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Helping Families End The Fight

The Power of Forgiveness

Holding onto anger and resentment is more harmful to you than anyone else.

 I have yet to meet a human being who has not felt wronged by another at one time or another. Whether a family member, co-worker, or random strangers someone has wronged us along the way. Having a feeling is one thing, and feelings are signposts for where we are in life.  When we hold onto negative feelings like anger and blame, we suffer far more than the original “offender”.        

   Not only do reliving “wrongs” build up anger and resentment within us, but these thoughts literally color our experience of life far after the event. They also raise levels of adrenaline and other hormones that can be physically toxic over time as well.

“Forgiving a person who has wronged you is never easy, but dwelling on those events and reliving them over and over can fill your mind with negative thoughts and suppressed anger,” 

Health, Religion, and Spirituality at the 

says Dr. Tyler VanderWeele, co-director of the Initiative on Harvard T.H. Chan School of Public Health.

 “Yet, when you learn to forgive, you are no longer trapped by the past actions of others and can finally feel free.”

Learning to Let Go

  Letting go, as the term implies, rarely just happens on its own. By making a clear decision we begin to let go. This is known as “Decisional Forgiveness”. The next step is “Emotional Forgiveness”. Moving from our intellect to our feelings can be challenging. Like anything, once we make a decision, we follow it up with action and the action helps us to ground that decision emotionally. First we believe, then we act and then we see the results. 

Results are rarely instantaneous. However, we can receive immediate benefits by practicing forgiveness. Over time, the resentment will subside and release. Practicing forgiveness is directly linked to lower levels of depression, anxiety, and hostility; reduced substance abuse; higher self-esteem; and greater life satisfaction. 

The REACH Method

One of the best ways is to practice forgiveness is with the REACH method. The REACH model was originally developed by Everett Worthington. It is a five step model for practicing forgiveness. REACH is an acronym for Recall, Emphasize, Altruistic gift, Commit, and Hold.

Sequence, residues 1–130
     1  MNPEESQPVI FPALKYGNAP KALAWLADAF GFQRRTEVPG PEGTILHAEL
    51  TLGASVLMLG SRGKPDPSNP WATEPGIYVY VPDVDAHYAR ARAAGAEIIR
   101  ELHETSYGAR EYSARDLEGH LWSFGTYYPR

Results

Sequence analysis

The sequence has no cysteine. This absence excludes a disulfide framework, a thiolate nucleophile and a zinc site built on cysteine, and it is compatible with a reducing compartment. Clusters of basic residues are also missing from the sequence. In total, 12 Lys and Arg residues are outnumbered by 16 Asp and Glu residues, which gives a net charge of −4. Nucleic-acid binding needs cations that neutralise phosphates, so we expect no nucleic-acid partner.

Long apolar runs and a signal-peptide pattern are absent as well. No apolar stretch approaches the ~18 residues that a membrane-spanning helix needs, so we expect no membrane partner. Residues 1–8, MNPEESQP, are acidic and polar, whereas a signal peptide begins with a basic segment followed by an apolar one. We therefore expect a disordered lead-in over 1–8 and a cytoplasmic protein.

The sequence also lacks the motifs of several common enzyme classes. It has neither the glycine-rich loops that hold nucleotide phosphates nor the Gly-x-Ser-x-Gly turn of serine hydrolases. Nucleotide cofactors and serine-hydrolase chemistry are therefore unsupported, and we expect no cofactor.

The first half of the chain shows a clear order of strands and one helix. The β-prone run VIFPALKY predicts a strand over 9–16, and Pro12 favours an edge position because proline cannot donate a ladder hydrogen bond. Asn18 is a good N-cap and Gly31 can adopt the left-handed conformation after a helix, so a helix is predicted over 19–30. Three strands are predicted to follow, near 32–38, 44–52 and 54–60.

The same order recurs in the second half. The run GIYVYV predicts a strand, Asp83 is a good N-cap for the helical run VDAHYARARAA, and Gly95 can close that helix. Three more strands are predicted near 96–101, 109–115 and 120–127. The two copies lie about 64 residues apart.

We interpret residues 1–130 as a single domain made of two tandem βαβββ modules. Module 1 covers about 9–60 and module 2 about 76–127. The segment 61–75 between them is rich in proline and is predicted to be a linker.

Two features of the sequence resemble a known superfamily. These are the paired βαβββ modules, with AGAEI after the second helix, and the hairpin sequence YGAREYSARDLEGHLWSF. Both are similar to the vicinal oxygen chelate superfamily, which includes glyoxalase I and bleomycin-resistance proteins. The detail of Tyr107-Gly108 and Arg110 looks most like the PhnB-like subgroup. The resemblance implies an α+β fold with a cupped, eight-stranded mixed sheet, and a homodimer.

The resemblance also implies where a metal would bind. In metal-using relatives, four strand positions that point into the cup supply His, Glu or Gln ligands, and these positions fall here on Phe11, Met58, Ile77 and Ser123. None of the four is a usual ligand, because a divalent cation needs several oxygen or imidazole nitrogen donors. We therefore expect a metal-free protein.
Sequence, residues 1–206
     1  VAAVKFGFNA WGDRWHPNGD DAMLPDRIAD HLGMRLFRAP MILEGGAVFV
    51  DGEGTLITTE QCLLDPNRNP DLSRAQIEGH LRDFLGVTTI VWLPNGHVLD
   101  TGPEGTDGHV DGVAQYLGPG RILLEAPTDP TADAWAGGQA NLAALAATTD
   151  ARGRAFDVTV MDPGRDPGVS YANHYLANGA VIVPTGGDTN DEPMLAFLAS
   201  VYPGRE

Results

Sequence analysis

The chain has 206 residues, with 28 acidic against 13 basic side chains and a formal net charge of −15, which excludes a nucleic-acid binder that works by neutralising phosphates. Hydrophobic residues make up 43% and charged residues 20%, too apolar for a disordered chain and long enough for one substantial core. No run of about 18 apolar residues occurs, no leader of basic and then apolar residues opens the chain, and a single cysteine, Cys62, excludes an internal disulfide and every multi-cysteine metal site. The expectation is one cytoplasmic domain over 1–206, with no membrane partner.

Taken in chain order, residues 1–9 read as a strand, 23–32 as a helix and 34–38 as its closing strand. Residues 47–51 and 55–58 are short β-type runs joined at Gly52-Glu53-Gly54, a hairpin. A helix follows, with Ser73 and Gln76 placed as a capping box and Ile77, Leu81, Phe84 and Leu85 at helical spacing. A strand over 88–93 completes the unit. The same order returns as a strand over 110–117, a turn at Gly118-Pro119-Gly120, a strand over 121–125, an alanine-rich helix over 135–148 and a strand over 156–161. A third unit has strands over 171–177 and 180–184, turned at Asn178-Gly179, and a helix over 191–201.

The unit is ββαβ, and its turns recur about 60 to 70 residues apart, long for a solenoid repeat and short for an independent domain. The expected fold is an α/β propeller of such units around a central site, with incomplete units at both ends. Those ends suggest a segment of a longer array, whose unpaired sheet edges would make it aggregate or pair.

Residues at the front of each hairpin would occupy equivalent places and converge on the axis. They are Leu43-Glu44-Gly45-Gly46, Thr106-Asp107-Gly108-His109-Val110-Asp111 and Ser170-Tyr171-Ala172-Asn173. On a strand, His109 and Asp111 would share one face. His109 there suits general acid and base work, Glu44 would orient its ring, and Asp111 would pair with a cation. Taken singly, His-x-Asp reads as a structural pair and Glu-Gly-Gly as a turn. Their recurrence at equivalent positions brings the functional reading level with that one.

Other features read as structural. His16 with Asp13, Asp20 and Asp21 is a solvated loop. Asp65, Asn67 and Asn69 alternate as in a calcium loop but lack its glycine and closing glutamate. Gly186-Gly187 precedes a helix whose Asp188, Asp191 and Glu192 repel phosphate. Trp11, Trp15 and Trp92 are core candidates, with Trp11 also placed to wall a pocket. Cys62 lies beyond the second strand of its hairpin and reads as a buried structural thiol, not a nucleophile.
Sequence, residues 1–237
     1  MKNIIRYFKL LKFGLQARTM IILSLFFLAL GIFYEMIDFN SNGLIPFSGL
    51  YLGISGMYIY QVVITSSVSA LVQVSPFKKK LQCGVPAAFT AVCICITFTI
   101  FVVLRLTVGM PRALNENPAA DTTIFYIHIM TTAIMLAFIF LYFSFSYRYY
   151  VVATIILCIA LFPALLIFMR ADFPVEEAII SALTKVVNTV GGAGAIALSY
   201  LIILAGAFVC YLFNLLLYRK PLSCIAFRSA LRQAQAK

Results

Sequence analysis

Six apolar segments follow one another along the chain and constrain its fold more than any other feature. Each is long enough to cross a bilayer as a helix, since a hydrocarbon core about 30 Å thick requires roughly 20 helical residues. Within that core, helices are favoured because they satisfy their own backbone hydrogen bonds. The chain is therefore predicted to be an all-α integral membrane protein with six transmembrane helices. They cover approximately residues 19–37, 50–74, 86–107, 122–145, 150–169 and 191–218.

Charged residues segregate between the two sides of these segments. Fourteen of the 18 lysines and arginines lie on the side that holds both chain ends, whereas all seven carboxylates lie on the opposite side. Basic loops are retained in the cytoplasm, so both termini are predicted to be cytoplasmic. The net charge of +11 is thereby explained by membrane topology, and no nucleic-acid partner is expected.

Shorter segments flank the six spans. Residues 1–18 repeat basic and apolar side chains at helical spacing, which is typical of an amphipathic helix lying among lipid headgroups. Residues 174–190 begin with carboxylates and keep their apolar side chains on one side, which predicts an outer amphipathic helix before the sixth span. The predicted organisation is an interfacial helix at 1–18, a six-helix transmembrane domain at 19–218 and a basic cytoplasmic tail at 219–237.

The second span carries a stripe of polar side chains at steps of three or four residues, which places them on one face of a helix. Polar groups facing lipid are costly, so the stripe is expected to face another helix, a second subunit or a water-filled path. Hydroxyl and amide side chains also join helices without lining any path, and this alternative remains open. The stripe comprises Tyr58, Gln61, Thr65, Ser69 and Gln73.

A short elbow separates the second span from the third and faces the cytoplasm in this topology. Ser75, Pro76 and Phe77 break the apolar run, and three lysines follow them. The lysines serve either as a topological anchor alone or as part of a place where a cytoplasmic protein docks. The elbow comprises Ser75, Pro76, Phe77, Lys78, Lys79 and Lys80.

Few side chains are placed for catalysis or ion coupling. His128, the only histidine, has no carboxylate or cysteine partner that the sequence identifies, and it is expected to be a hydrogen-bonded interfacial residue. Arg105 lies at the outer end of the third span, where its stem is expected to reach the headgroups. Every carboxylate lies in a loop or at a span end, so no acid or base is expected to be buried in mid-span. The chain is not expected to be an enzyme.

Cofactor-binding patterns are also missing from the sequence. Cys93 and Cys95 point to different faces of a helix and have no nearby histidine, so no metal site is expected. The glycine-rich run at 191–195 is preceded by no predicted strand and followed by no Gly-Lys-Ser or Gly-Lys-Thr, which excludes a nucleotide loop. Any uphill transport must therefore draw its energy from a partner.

Recall: As the name implies, you want to relive the situation, the  feelings, the details of how it occurred. DO oyur best to view the details objectively and still allow yourself the full range of subjective emotion.

Empathize: Without minimizing your sense of wrong, begin to see through the other person’s eyes. What might their thoughts have been? What was going on for them? You don’t have to invalidate your own feelings to see through their eyes, and at the same time most people are reacting to their own emotional state more than you.  

Altruistic gift: Recall a time when you clearly were in the wrong and were forgiven. Remember how it felt to you, and imagine what it might be like to give that gift to another.

Commit: Commit to live in forgiveness of the other person. Get that YOU deserve the relief of forgiving others. Even if on some level you feel they do not deserve it, YOU DO. You deserve to live a life free of the burden of the wrongs done by others. You deserve the joy that comes with letting go of resentment. 

Hold: Any time your mind replays the situation, hold on to your forgiveness. Imagine the other person having all the wonderful things in life that you crave and more. We build empathy by imagining others success, especially in the forgiveness process.

  Practicing forgiveness frees up emotional energy for other concerns. Practicing forgiveness promotes greater personal serenity as well as physical and emotional health.

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